Connected medical devices improve patient engagement, but not for long

Freddie Roberts

Automating health tracking using connected medical devices and apps can increase long-term patient engagement in health activities compared with manual tracking, according to a recent study.

This is the conclusion made by online pharmacy, Walgreens, and the Scripps Translational Science Institute (STSI), following an examination of participants in Walgreens Balance Rewards for health choices program (BRhc). The study explored the impact of manual versus automatic data entries through a support device or via apps. It was published by the Journal of Medical Internet Research.

Connected medical devices add incentives

BRhc is a self-monitoring program that allows members to track health activities and receive incentives for continued tracking and healthy behaviors. Commencing in 2014, the researchers supposedly examined activity tracking data — including exercise, weight, sleep, blood pressure, blood glucose data recorded, tobacco use and oxygen saturation — from more than 450,000 BRhc participants. According to reports in mobihealthnews, the results showed that 77 percent of users manually recorded their activities and participated in the program for an average of five weeks. Whereas, those who tracked their activity automatically, using BHrc supported medical devices or apps, stayed engaged for four times longer – an average of 20 weeks participation.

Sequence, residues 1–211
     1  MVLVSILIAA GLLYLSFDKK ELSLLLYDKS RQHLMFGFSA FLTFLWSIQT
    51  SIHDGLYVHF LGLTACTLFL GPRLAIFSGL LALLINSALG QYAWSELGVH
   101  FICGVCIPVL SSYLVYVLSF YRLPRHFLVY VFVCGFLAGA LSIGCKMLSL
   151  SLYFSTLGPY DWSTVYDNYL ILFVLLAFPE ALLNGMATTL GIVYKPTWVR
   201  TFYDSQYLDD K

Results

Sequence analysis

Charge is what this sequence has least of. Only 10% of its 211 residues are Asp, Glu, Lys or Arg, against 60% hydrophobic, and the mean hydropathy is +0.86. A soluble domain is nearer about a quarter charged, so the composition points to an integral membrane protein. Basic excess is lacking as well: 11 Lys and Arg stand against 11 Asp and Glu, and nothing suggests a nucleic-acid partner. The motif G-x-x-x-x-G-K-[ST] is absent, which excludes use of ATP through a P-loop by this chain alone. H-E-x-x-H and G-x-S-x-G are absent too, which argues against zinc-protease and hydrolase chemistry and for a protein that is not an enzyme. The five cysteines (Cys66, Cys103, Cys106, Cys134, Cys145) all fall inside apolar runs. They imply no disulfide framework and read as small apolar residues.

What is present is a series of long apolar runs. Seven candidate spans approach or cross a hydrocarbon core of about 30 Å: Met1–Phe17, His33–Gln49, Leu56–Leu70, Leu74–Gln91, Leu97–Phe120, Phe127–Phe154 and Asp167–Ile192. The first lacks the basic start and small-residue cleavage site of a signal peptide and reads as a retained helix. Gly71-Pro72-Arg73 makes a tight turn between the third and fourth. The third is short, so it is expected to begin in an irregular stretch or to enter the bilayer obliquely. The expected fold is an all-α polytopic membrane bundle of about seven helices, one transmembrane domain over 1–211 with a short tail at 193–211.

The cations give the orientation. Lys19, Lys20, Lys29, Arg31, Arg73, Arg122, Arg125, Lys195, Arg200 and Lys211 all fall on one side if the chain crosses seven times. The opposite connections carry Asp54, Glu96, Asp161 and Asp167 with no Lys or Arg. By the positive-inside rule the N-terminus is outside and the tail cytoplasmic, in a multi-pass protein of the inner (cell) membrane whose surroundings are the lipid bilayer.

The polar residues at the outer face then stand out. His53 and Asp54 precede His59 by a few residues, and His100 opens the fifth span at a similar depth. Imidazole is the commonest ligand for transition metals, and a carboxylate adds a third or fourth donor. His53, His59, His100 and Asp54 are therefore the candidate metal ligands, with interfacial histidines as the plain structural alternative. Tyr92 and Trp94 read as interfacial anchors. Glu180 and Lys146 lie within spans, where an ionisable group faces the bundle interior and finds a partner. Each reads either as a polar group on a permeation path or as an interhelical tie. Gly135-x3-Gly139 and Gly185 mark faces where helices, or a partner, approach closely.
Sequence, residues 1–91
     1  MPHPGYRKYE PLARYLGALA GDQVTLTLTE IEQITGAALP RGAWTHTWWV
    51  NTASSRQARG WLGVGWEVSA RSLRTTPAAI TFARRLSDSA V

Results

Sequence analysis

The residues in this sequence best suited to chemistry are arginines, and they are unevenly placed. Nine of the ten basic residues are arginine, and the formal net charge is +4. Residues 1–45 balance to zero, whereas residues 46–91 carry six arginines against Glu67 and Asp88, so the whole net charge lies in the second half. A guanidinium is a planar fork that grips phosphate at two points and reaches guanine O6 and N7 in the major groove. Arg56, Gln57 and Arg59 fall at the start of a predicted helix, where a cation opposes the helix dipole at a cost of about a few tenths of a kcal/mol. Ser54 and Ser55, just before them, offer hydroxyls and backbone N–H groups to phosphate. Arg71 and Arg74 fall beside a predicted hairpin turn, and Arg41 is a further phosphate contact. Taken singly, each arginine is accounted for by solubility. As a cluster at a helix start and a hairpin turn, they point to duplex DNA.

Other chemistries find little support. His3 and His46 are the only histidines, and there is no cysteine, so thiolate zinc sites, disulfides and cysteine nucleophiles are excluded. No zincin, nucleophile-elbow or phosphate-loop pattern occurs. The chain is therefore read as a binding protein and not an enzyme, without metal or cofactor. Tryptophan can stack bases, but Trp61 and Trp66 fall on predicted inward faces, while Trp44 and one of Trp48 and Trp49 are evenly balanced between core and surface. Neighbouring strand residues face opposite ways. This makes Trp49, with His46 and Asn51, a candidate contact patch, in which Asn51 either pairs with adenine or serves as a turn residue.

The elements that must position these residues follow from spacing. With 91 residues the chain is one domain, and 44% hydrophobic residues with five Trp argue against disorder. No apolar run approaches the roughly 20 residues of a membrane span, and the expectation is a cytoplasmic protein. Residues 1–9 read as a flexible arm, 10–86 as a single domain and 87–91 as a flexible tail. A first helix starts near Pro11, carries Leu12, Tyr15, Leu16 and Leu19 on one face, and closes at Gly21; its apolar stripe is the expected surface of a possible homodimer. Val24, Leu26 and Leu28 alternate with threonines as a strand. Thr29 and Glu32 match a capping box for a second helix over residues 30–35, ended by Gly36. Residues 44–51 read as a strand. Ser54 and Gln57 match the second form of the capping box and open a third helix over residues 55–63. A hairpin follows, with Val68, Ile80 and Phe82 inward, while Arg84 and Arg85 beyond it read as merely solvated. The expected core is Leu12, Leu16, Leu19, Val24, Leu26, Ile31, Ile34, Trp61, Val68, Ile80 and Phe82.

Understanding “real world connectivity”

Dr. Eric Topol, STSI director, said in a statement that by conducting the research with a larger pool of participants it allows STSI and Walgreens “to understand real world connectivity with mobile device health applications, along with behavior and outcome patterns.”
Harry Leider, the chief medical officer at Walgreens, suggested that patient empowerment and understanding of their own care and wellness could be be encouraged by providing connected health tools that enable data tracking of healthy behaviors, combined with incentives and trusted professional support. “We’re especially encouraged by the results of this study,” Leider said. “In the two years since it was initiated, we’ve seen a shift from the majority of members in the program tracking their activities manually, to most now tracking them automatically.”

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